A chunk of the Chinese market has reached maturity in just a few years when it took some Western markets decades to do the same thing. Now watch how destinations respond to more independent Chinese travelers.
Chinese tour groups have been a common sight in many destinations for years but in some places, especially Chinese long-haul destinations in the U.S. and Europe, Chinese non-packaged tour travelers have grown significantly and now outnumber package tour travelers.
Some 130 million Chinese travelers took an international trip in 2017, up nearly 6 percent over 2016, making China the world’s largest outbound tourism market. Independent Chinese travel has increased as the Chinese tourism market matures and travelers become more comfortable visiting places untethered to a tour. Mobile technology has also made it easier for Chinese travelers to access information and get the help they need while abroad.
Chinese travelers are also increasingly craving unique experiences that you won’t find on postcards or in guidebooks, and are seeking hidden gems and unfiltered views without tourist crowds.
Skift first tracked the rise of independent Chinese travelers in its first Research Report, “Rise of the Independent Chinese Traveler,” in September 2013, and this segment of the outbound Chinese market has continued to rise in the past five years. In 2013, independent travelers were about 37 percent of the Chinese outbound market.
Ctrip data show that independent Chinese travelers accounted for 42 percent of the overall Chinese outbound market in 2017, up from 40 percent in 2016. Some 14 percent of travelers in 2017 did a hybrid of independent and group travel, such as booking a customized itinerary or booking some tours and activities for their trip. A May 2018 Skift Research Report, “Best Practices for Attracting Chinese Outbound Tourists,” includes survey data that show nearly 50 percent of Chinese outbound travelers prefer independent travel.
Data from the Chinese Outbound Tourism Research Institute show that Chinese independent travel to Australia, one of the top 10 fastest-growing destinations for Chinese tourists has risen to 58 percent so far this year, versus 43 percent in 2014.
For the United States, independent travel was 78 percent of Chinese arrivals in the second quarter this year. Ten-year visas, which the Obama administration began offering Chinese travelers in 2014, helped spur more independent Chinese trips to the U.S.
The current trade war between the Trump administration and China likely isn’t impacting U.S. trips, at least not yet, said Chris Ledsham, chief communications officer of the Chinese Outbound Tourism Research Institute.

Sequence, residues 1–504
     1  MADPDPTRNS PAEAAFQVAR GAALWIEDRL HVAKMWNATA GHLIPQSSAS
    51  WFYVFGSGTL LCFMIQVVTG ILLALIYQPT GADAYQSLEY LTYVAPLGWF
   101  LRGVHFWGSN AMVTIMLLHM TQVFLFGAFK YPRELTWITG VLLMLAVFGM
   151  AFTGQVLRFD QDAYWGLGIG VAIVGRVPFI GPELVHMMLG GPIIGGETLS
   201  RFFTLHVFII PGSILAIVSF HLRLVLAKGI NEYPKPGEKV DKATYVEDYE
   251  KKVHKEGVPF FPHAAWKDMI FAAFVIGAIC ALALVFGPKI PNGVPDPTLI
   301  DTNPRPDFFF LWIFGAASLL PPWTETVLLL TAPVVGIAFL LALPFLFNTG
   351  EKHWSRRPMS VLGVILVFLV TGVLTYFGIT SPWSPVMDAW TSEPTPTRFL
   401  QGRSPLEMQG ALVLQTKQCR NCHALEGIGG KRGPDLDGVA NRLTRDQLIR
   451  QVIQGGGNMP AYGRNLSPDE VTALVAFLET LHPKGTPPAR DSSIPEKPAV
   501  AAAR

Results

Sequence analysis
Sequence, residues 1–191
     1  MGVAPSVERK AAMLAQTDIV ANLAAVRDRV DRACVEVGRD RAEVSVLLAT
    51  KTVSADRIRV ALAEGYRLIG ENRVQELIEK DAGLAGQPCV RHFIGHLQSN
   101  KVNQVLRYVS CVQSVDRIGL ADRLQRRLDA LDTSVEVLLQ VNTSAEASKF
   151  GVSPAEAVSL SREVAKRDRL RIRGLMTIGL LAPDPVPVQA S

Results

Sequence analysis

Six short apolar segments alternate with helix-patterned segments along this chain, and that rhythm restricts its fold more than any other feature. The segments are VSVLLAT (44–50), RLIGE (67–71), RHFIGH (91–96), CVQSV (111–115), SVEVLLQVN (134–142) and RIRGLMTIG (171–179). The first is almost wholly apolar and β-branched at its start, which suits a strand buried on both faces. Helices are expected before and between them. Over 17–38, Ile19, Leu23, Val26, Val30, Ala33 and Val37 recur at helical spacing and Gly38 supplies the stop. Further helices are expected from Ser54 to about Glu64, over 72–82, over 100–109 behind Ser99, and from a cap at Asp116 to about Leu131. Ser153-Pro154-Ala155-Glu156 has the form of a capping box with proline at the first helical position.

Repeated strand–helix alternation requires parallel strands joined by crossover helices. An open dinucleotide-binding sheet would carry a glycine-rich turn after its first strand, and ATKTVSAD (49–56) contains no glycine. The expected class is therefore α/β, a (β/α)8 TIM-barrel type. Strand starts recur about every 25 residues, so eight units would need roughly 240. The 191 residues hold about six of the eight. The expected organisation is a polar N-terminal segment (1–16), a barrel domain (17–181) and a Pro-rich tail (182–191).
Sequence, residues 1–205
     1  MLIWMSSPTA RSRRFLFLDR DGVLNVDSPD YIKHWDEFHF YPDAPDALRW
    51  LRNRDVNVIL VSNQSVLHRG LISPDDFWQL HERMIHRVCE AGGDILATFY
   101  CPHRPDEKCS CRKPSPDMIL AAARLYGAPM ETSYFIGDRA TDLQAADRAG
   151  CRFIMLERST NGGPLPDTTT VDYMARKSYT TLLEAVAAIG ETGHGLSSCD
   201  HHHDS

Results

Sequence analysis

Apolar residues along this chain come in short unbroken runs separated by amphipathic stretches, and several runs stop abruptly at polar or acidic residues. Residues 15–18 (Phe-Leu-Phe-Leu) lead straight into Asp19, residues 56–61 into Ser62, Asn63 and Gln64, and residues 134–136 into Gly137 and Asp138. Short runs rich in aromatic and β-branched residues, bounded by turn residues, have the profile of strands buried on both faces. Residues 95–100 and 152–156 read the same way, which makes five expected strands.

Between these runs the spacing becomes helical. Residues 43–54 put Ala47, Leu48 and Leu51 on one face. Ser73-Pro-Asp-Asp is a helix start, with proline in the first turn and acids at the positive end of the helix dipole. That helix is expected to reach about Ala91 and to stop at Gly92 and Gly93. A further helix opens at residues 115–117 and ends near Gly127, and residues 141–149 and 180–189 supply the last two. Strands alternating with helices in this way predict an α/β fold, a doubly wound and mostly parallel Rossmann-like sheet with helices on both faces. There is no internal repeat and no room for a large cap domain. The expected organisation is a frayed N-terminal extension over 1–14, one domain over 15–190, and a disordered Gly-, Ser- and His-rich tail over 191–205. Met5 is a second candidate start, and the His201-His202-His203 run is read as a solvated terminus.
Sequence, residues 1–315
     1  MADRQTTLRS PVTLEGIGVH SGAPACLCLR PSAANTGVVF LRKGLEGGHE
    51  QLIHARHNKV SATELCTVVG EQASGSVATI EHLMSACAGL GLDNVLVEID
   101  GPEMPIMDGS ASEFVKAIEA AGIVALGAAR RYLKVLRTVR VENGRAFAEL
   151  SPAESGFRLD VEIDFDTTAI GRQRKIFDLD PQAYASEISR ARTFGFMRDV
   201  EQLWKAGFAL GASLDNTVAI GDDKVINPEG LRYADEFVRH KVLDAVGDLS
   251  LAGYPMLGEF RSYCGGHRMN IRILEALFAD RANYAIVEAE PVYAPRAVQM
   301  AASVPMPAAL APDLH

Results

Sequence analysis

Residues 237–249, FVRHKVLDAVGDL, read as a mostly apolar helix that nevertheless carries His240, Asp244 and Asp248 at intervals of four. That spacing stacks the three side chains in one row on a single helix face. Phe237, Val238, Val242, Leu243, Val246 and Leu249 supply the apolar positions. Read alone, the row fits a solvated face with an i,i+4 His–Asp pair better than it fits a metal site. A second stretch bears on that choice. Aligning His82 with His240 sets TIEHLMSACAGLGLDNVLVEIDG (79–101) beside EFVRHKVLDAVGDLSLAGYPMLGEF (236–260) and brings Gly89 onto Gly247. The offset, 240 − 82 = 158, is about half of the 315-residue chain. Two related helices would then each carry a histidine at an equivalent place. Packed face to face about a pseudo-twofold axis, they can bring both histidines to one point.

“Independent travelers aren’t taking these considerations and these younger travelers aren’t necessarily influenced by what’s going [with the government,” said Ledsham. “People will plan their trips quite carefully and will plan months in advance. Keep in mind you also still have families coming to visit Chinese students at U.S. colleges.”
The United States remains one of the top 10 overseas destinations for Chinese travelers, but a U.S. vacation is no longer as prestigious for some Chinese travelers, which could be one reason for a decline so far this year, said Ledsham. “A few years ago there were a lot of bragging rights,” he said. “Now it’s about saying ‘here’s me ranching in Montana.’ It’s more about moving beyond the gateways.”
Alina Xiang, president and CEO of East West Marketing, a Beijing-based Chinese marketing agency, echoed Ledsham’s thoughts about the trade war. “Independent travelers are less politically sensitive and Chinese are actually less sensitive to politics compared to Europeans,” she said. “The Chinese are more concerned with safety. I think any talk of the trade war impacting tourism is all speculation right now.”
“Group travelers aren’t necessarily more sensitive to politics and most are first-time visitors. But maybe they won’t apply for the visa and will hold-off,” added Xiang.
Europe has also seen growth in Chinese independent travel as 31 percent of Germany’s Chinese arrivals were independent in 2014 but 41 percent were independent so far this year, while France went from 54 to 55 percent in the same period.
“With Europe, many Chinese travelers are doing a tour of Europe anyway and visiting multiple countries and that is likely why the United States has a higher percentage of independent travelers,” said Ledsham. “The U.S. is a bit of an anomaly because it’s one country.”
What’s driving the Independent Chinese Travel boom?
Xiang said sporting events are a driver in why independent Chinese travel has grown in long-haul destinations like the United States. She worked with Chicago last year to run a campaign in China that attracted more than 1,300 Chinese runners to run the Chicago Marathon because the city saw the growth in independent Chinese travel.